A. Everard (Music); P. Miller (Lab)  |  Apr 13, 2016
OK, so Scott Oracle’s début album for the famous Blue Note jazz label lives up to its title by opening with drums, but this isn’t a typical drummer’s album, with the tub-thumping all but dominating the mix to the detriment of the other performers. Yes, there are the inevitable drum solos, but this is much more of an ensemble set, with Scott joined by saxophonist John Ellis, keyboardist Taylor Eigsti, guitarist Mike Moreno, and bassist Joe Sanders, along with vocalist Lizz Wright. Scott seemed happy to play his part in the band rather than being the star turn. As he puts it, ‘The accent is on “we” in the title.
C. Breunig (Music); P. Miller (Lab)  |  Apr 13, 2016
The Milanese Giovanni Antonini, like Frans Brüggen, came to conducting via the baroque recorder; he was also co-founder of Il Giardino Armonico. So it’s not surprising to find his Beethoven the very antithesis of Karajan’s: a dry attack with sharp dynamic differentiation. (Wonderful how the concerto steals in from nowhere!) Recorded in the modern Luxembourg Philharmonie, the players patently give their all for him. The two ‘serious’ overtures are the most satisfying tracks here, but that’s only because Sony has frequently given the soloists too much prominence in the Triple Concerto – Gabetta being one of its ‘star’ signings.
A. Everard (Music); P. Miller (Lab)  |  Mar 11, 2016
This album does just what it says on the tin – well, sort of. For while Elias did return to the country of her birth to rehearse and record this set, other elements were recorded in the USA and the UK, giving the whole thing a slightly ‘samba by the numbers’ feel. Yes, it’s desperately commercial, and focuses the attention on the obviously very talented pianist/vocalist. However, the over-lush strings, which swell and shimmer away in the background, and without which the sound would have lost very little, do give this set a bit too much of the ‘latin Diana Krall’ effect.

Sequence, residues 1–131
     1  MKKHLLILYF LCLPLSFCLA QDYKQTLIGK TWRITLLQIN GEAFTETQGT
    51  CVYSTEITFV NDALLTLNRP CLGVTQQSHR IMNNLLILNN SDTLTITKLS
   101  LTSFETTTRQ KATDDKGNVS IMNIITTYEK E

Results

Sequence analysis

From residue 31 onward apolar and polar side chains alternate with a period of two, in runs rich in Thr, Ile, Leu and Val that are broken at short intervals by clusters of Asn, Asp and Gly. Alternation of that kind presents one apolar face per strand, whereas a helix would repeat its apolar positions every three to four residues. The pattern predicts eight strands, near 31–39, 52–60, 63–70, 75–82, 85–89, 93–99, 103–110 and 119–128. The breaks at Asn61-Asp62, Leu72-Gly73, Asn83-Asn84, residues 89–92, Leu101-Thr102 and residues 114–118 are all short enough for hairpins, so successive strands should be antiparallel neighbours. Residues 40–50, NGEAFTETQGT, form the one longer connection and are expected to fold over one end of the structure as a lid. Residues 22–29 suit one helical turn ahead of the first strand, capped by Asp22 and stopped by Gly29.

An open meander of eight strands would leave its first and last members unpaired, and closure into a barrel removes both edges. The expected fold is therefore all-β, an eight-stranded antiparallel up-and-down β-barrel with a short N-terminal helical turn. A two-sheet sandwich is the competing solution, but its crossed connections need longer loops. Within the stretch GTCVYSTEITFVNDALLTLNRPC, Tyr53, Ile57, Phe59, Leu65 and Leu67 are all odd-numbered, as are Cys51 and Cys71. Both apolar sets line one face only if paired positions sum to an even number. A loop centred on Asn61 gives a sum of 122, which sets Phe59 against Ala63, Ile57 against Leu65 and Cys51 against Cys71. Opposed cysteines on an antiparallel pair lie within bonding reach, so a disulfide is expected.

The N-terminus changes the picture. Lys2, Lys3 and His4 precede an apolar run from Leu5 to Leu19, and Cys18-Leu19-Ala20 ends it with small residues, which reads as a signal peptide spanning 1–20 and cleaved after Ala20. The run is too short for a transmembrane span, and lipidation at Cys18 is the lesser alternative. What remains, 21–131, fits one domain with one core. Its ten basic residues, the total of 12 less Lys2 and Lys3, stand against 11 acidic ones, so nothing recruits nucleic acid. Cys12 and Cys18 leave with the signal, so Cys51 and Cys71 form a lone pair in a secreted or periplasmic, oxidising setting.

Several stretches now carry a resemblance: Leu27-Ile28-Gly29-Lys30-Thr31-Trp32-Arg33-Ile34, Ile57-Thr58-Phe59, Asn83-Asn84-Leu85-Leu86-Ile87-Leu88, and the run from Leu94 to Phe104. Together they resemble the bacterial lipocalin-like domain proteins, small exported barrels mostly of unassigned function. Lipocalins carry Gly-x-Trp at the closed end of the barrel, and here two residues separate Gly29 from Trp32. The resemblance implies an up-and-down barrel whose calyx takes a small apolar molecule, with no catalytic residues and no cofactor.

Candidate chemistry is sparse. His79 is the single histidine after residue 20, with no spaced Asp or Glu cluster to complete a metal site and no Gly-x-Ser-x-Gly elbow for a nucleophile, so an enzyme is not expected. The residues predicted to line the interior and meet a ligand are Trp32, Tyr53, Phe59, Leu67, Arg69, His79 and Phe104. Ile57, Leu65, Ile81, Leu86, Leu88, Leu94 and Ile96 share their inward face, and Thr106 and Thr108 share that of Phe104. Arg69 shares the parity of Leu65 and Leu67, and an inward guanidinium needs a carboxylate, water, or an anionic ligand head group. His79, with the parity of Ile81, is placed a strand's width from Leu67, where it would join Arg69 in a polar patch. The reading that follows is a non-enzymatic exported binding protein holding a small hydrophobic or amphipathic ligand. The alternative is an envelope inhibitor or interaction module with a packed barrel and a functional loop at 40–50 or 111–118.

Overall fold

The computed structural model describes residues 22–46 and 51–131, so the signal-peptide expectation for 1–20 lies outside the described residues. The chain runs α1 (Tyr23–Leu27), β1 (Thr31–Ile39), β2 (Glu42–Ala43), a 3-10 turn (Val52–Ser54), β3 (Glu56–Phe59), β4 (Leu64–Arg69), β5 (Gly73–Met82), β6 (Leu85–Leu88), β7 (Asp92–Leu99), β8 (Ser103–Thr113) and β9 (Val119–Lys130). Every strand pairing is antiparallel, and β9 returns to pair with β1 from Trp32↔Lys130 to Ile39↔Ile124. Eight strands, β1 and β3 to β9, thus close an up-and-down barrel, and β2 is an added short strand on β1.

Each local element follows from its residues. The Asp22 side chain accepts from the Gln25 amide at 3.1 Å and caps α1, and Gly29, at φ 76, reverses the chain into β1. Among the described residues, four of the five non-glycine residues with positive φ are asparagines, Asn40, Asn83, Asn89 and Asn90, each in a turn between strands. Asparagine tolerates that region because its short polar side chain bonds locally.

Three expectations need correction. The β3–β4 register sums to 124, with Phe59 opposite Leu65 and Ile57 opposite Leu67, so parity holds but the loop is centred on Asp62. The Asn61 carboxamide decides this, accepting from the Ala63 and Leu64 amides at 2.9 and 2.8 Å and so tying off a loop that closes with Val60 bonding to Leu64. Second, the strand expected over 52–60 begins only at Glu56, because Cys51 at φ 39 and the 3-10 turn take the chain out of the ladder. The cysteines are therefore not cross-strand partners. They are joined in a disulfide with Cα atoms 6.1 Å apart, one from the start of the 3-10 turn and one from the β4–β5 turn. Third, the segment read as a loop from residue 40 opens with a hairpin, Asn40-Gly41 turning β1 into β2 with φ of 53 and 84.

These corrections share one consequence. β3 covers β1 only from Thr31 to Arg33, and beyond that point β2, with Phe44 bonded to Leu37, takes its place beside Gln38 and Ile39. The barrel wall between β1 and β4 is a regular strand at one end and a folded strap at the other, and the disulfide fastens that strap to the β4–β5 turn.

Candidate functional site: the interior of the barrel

C. Breunig (Music); P. Miller (Lab)  |  Mar 11, 2016
In a lengthy booklet essay Manfred Honeck explains all his interpretative decisions: live recording, a large orchestra with divided violins, pizzicati continued right to the end of 7(ii) – as suggested to him by Kleiber when Honeck was an orchestral violinist – and various minutiae, with timing/bar reference details. He writes about changing styles since the very first recordings of No 5 in 1910/13. But – oh dear! – the motto theme in the first movement is slowed for every appearance: that’s a write-off for me, I’m afraid. There is also a distracting rhythmic pattern unearthed in the finale, 9m10s-9m 19s.
A. Everard (Music); P. Miller (Lab)  |  Mar 11, 2016
Taking its title from the idea that ‘Music starts and then you have to broadcast, listen, share, make quick decisions… so as to turn this four-person adventure into one’, this album could so easily have become another one of those exercises in indulgent, meandering music. Fortunately, though, pianist Angelini has here partnered with some clearly very talented musicians – Régis Huby on violins and electronics, bassist Claude Tchamitchian and Edward Perraud on drums and percussion – to come up with a constantly interesting set of originals and homages to the likes of Wayne Shorter. Full of sonic light and shade, it was recorded with excellent clarity and powerful dynamics by Gérard de Haro at Studio La Buissonne, on whose house label it’s released, and yes, it delivers a very real sense of musical exploration to keep the listener hooked. AE Sound Quality: 80% Hi-Fi News Lab Report This is an 88.

Pages

X